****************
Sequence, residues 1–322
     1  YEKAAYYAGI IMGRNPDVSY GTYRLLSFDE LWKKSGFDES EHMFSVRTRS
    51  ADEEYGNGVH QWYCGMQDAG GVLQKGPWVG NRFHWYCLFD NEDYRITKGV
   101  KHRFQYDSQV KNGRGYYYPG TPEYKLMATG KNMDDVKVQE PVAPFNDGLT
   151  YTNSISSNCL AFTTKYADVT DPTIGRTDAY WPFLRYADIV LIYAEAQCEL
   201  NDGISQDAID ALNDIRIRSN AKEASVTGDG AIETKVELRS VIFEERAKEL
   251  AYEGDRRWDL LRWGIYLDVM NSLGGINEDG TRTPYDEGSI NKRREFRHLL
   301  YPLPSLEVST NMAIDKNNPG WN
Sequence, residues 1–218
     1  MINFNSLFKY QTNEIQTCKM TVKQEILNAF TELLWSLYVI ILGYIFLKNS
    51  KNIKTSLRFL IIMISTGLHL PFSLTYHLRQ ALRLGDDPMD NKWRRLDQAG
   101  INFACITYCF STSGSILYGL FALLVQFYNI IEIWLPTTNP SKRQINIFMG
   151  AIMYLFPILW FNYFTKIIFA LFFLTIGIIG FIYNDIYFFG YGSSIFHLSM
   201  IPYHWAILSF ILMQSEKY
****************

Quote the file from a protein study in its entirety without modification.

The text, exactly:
Sequence, residues 1–322
     1  YEKAAYYAGI IMGRNPDVSY GTYRLLSFDE LWKKSGFDES EHMFSVRTRS
    51  ADEEYGNGVH QWYCGMQDAG GVLQKGPWVG NRFHWYCLFD NEDYRITKGV
   101  KHRFQYDSQV KNGRGYYYPG TPEYKLMATG KNMDDVKVQE PVAPFNDGLT
   151  YTNSISSNCL AFTTKYADVT DPTIGRTDAY WPFLRYADIV LIYAEAQCEL
   201  NDGISQDAID ALNDIRIRSN AKEASVTGDG AIETKVELRS VIFEERAKEL
   251  AYEGDRRWDL LRWGIYLDVM NSLGGINEDG TRTPYDEGSI NKRREFRHLL
   301  YPLPSLEVST NMAIDKNNPG WN
Sequence, residues 1–218
     1  MINFNSLFKY QTNEIQTCKM TVKQEILNAF TELLWSLYVI ILGYIFLKNS
    51  KNIKTSLRFL IIMISTGLHL PFSLTYHLRQ ALRLGDDPMD NKWRRLDQAG
   101  INFACITYCF STSGSILYGL FALLVQFYNI IEIWLPTTNP SKRQINIFMG
   151  AIMYLFPILW FNYFTKIIFA LFFLTIGIIG FIYNDIYFFG YGSSIFHLSM
   201  IPYHWAILSF ILMQSEKY